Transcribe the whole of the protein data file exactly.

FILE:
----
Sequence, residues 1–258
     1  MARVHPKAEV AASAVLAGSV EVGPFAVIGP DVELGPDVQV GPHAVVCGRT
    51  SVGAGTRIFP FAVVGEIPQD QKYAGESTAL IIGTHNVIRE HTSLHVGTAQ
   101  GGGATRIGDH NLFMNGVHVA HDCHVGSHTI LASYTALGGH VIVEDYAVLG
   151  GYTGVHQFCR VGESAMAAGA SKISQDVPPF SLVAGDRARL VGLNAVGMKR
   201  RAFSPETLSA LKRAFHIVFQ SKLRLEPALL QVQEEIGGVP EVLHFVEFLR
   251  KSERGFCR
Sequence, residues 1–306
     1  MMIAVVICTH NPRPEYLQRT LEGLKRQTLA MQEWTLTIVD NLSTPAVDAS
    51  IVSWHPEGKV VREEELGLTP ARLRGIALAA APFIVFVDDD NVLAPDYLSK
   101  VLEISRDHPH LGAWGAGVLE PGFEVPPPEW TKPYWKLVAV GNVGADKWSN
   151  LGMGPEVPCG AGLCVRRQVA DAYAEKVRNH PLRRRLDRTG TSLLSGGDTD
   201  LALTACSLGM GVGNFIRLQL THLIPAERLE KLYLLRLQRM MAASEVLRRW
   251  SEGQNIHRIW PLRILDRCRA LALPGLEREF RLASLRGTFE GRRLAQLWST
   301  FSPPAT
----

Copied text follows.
Sequence, residues 1–258
     1  MARVHPKAEV AASAVLAGSV EVGPFAVIGP DVELGPDVQV GPHAVVCGRT
    51  SVGAGTRIFP FAVVGEIPQD QKYAGESTAL IIGTHNVIRE HTSLHVGTAQ
   101  GGGATRIGDH NLFMNGVHVA HDCHVGSHTI LASYTALGGH VIVEDYAVLG
   151  GYTGVHQFCR VGESAMAAGA SKISQDVPPF SLVAGDRARL VGLNAVGMKR
   201  RAFSPETLSA LKRAFHIVFQ SKLRLEPALL QVQEEIGGVP EVLHFVEFLR
   251  KSERGFCR
Sequence, residues 1–306
     1  MMIAVVICTH NPRPEYLQRT LEGLKRQTLA MQEWTLTIVD NLSTPAVDAS
    51  IVSWHPEGKV VREEELGLTP ARLRGIALAA APFIVFVDDD NVLAPDYLSK
   101  VLEISRDHPH LGAWGAGVLE PGFEVPPPEW TKPYWKLVAV GNVGADKWSN
   151  LGMGPEVPCG AGLCVRRQVA DAYAEKVRNH PLRRRLDRTG TSLLSGGDTD
   201  LALTACSLGM GVGNFIRLQL THLIPAERLE KLYLLRLQRM MAASEVLRRW
   251  SEGQNIHRIW PLRILDRCRA LALPGLEREF RLASLRGTFE GRRLAQLWST
   301  FSPPAT